The City of Ottawa has released details of what it plans to do with centuries-old human remains found under Queen Street.

Construction crews doing watermain work first found human bones about a metre below the downtown street in September 2013, a place believed to be a 19th century Christian cemetery.

The City said it has been working with representatives from the Catholic, Anglican and Presbyterian faiths to figure out what to do with the remains, working to balance the desire for a peaceful resting place with their historic and educational value.

LRT bones dig

Workers stopped digging at Queen Street after what appeared to be bones were uncovered Thursday morning. (Amanda Pfeffer/CBC)

A memo to Mayor Jim Watson and city council dated Thursday said the remains will go to the Canadian Museum of History for research in July, possibly revealing their identities.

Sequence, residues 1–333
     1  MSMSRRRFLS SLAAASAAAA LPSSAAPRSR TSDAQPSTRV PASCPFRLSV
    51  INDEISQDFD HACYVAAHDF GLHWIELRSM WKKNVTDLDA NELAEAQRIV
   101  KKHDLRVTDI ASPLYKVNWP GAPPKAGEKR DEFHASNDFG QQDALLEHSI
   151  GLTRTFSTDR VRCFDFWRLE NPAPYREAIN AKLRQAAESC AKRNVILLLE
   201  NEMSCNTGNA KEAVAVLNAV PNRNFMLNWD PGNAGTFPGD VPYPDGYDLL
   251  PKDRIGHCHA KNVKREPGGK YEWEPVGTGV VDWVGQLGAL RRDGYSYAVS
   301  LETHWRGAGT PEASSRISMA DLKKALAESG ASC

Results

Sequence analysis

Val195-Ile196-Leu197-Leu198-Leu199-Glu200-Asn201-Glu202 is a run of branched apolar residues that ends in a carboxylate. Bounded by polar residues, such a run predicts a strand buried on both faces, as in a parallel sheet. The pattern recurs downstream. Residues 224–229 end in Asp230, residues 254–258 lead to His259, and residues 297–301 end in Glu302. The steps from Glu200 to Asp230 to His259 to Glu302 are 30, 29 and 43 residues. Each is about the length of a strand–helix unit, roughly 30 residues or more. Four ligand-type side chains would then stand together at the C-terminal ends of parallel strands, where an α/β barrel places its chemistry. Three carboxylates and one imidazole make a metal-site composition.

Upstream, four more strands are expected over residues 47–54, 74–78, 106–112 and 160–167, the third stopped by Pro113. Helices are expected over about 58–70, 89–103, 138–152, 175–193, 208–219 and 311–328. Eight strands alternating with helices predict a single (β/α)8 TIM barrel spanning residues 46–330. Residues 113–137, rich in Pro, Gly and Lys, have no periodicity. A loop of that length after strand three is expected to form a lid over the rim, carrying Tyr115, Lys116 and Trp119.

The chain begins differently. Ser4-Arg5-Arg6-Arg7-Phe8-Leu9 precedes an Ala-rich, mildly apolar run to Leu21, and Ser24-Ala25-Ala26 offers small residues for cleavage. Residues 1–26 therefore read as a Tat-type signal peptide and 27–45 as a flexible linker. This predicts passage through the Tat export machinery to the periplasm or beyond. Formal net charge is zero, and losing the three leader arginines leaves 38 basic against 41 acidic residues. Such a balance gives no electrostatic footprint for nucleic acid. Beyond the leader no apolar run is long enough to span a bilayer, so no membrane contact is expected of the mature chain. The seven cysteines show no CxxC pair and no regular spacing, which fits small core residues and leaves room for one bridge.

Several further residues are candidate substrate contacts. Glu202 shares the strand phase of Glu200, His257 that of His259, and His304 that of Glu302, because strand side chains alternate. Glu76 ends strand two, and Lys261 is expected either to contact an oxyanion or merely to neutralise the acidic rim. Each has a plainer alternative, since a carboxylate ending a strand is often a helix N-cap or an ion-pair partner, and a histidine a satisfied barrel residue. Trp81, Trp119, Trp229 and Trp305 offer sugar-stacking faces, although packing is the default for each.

“The Agreement stipulates that the Canadian Museum of History (CMH) will conduct morphological and metric studies for the purpose of reporting the circumstance of death, pattern of disease, sex, stature and the age at death of the individuals,” the memo said.

“Other scientific studies will include DNA testing to report on the cultural affiliation, sex, geographic origin and possible confirmation of ancestral-descendant linkages.”

The remains will be stored at the museum “in a secure and respectful manner” until they can be reinterred, according to the memo.

Research and storage costs will be covered by the museum.

Beechwood Cemetery a possible resting place

The memo, signed by deputy city manager Nancy Schepers, said the hope is to hold a public ceremony to mark the reinterrment as part of Canada’s 150th birthday celebrations in 2017.

Such a site would have both individual markers and a commemorative plaque.

The memo said the board of directors for Beechwood Cemetery has offered a spot near the National Military Cemetery.

Archaeologists will work ahead of construction crews to remove the remains they know of and see if there are any more.

The memo said construction crews will then get back to work on the watermain, which is expected to take another two months.